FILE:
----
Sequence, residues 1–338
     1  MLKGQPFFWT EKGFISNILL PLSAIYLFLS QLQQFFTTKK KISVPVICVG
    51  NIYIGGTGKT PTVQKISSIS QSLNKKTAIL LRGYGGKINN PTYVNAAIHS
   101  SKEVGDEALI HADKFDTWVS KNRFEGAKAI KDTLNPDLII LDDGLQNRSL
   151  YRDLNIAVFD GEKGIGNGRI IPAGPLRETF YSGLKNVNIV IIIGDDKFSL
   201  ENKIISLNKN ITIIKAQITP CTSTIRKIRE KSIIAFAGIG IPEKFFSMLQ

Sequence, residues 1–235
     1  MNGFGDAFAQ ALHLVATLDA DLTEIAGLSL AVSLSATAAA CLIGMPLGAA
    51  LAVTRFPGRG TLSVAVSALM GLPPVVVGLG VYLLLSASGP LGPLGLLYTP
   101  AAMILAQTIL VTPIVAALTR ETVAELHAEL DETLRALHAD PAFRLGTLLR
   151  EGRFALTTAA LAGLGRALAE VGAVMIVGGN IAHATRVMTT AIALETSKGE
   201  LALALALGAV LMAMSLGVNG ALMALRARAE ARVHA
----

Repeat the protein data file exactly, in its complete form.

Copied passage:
Sequence, residues 1–338
     1  MLKGQPFFWT EKGFISNILL PLSAIYLFLS QLQQFFTTKK KISVPVICVG
    51  NIYIGGTGKT PTVQKISSIS QSLNKKTAIL LRGYGGKINN PTYVNAAIHS
   101  SKEVGDEALI HADKFDTWVS KNRFEGAKAI KDTLNPDLII LDDGLQNRSL
   151  YRDLNIAVFD GEKGIGNGRI IPAGPLRETF YSGLKNVNIV IIIGDDKFSL
   201  ENKIISLNKN ITIIKAQITP CTSTIRKIRE KSIIAFAGIG IPEKFFSMLQ

Sequence, residues 1–235
     1  MNGFGDAFAQ ALHLVATLDA DLTEIAGLSL AVSLSATAAA CLIGMPLGAA
    51  LAVTRFPGRG TLSVAVSALM GLPPVVVGLG VYLLLSASGP LGPLGLLYTP
   101  AAMILAQTIL VTPIVAALTR ETVAELHAEL DETLRALHAD PAFRLGTLLR
   151  EGRFALTTAA LAGLGRALAE VGAVMIVGGN IAHATRVMTT AIALETSKGE
   201  LALALALGAV LMAMSLGVNG ALMALRARAE ARVHA